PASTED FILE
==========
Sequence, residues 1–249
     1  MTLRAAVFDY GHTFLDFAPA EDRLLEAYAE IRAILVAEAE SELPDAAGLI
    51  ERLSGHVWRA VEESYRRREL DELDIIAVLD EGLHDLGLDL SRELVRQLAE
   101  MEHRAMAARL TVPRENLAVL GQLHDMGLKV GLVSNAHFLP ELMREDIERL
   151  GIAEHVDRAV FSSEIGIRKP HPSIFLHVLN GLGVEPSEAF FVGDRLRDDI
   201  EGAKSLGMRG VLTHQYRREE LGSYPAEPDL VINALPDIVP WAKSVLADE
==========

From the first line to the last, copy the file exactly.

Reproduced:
Sequence, residues 1–249
     1  MTLRAAVFDY GHTFLDFAPA EDRLLEAYAE IRAILVAEAE SELPDAAGLI
    51  ERLSGHVWRA VEESYRRREL DELDIIAVLD EGLHDLGLDL SRELVRQLAE
   101  MEHRAMAARL TVPRENLAVL GQLHDMGLKV GLVSNAHFLP ELMREDIERL
   151  GIAEHVDRAV FSSEIGIRKP HPSIFLHVLN GLGVEPSEAF FVGDRLRDDI
   201  EGAKSLGMRG VLTHQYRREE LGSYPAEPDL VINALPDIVP WAKSVLADE